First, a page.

On December 17, 2014, the Eleventh Circuit, interpreting Georgia law, determined there was ambiguity in an insured v. insured exclusion found within a D&O policy held by an FDIC controlled community bank. As seen herein, the decision could impact future directors and officers of failed banks seeking coverage.
In 2010, the FDIC was appointed receiver of Community Bank & Trust of Cornelia, Georgia. As receiver, the FDIC assumed the obligation to determine and pay creditors’ claims from receivership assets. However, the FDIC, in its corporate capacity, also became one of the receivership’s biggest creditors by paying insured deposits from its Deposit Insurance Fund. As a result, the FDIC filed suit against two former officers of the bank alleging gross negligence and various breaches of fiduciary duty and sought $15 million in damages.
The bank’s insurer, St. Paul Mercury Insurance Company, filed a declaratory judgment, asserting that the D&O policy it had issued to the bank did not provide coverage for the claims asserted by the FDIC. A key argument made by St. Paul was that the “insured versus insured” exclusion applied to eliminate coverage; the pertinent language of the exclusion reading that St. Paul would not be liable for loss for claims against the bank “brought or maintained by or on behalf of any Insured Company in any capacity…” The Georgia District Court agreed and found the policy unambiguously precluded coverage without the need to consider external evidence.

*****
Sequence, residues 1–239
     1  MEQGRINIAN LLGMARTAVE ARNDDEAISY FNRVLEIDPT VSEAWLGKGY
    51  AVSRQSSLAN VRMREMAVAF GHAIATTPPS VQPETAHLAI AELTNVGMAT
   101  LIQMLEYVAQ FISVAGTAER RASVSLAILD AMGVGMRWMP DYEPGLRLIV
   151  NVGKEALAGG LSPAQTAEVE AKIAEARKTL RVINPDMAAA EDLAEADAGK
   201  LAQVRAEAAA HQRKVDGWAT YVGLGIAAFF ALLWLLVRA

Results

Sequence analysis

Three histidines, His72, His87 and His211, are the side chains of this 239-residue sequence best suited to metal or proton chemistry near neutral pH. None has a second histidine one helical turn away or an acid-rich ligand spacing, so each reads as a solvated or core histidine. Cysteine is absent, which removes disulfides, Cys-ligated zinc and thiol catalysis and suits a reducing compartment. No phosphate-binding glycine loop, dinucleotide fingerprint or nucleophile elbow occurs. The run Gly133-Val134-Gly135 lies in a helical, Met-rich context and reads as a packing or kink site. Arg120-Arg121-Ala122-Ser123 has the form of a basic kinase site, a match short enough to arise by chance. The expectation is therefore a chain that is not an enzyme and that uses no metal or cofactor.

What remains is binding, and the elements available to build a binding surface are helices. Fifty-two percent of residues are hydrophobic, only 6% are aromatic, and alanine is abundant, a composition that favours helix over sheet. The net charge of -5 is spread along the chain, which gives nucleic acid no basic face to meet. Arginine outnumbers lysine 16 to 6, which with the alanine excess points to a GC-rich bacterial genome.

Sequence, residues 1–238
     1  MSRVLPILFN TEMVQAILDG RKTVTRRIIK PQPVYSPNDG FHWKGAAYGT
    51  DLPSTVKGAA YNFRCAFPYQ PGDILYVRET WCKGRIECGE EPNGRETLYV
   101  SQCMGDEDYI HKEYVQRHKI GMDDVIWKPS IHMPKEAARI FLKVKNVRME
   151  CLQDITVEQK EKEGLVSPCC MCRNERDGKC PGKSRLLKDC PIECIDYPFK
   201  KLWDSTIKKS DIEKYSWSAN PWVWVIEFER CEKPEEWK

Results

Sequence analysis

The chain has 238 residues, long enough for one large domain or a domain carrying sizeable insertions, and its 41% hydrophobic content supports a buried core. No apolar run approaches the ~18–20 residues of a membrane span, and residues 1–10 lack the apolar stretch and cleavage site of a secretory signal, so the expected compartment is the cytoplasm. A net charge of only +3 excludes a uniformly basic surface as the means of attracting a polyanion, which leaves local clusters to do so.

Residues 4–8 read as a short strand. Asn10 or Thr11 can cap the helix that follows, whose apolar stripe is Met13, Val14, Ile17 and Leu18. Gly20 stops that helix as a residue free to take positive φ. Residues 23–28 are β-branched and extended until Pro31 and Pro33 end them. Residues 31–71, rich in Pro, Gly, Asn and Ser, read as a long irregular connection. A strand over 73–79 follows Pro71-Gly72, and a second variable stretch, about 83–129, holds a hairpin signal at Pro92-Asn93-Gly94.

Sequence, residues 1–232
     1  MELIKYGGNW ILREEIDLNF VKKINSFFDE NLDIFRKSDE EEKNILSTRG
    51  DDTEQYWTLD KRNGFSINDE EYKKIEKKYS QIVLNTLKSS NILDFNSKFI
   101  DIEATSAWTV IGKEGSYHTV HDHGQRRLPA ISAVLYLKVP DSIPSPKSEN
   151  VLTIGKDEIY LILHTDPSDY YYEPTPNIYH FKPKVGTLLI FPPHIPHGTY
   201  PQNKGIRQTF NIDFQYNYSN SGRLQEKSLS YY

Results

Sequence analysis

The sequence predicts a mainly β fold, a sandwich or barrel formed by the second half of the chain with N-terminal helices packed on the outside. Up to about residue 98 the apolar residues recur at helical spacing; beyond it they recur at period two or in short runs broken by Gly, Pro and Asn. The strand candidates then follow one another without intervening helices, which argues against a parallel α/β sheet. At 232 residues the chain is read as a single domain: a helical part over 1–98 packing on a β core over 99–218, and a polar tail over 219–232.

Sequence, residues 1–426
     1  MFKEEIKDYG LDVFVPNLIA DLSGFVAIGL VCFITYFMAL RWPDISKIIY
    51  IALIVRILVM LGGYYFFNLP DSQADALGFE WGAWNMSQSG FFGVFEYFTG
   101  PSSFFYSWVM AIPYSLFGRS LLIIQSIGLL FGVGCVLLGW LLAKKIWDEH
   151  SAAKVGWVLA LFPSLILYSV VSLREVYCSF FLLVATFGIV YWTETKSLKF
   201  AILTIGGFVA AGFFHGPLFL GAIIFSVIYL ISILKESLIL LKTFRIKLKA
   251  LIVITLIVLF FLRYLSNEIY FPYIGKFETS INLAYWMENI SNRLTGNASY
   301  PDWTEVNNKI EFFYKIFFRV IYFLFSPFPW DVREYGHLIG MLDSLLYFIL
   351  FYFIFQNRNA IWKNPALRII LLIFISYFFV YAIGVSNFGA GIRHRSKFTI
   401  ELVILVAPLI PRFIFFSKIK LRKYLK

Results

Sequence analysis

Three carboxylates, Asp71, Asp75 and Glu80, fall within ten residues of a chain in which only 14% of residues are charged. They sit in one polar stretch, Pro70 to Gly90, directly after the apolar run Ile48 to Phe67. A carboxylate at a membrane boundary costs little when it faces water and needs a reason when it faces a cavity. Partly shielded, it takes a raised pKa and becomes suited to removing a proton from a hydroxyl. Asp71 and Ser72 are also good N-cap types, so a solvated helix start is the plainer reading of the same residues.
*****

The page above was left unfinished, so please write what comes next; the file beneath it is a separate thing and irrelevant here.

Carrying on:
On appeal, the Eleventh Circuit first examined whether the insured v. insured exclusion applied; the key question being whether the FDIC, in its role as receiver, is the equivalent of the bank for purposes of triggering the exclusion. Unfortunately, while the Court examined both parties’ arguments on this issue, it ultimately never provided its opinion because it determined the exclusion was ambiguous.
Acknowledging Georgia’s “low threshold for establishing ambiguity,” the Court found that other courts interpreting similar exclusion language had reached different results. In particular, another Georgia District Court had reached a different outcome when interpreting a similarly worded exclusion. Because there was no unanimity among the Georgia courts in interpreting the language, the Court found the insured v. insured exclusion ambiguous. As a result, the case was remanded back to the district court to consider external evidence about the parties’ intent regarding the exclusion.
Ultimately, the biggest question in this case went unanswered; whether an outside agency taking over responsibility for an insured can trigger an insured v. insured exclusion. That said, the Court did reaffirm the law of Georgia, as well as most states, that policy exclusions will be narrowly interpreted with any discrepancies being resolved in favor of the insured.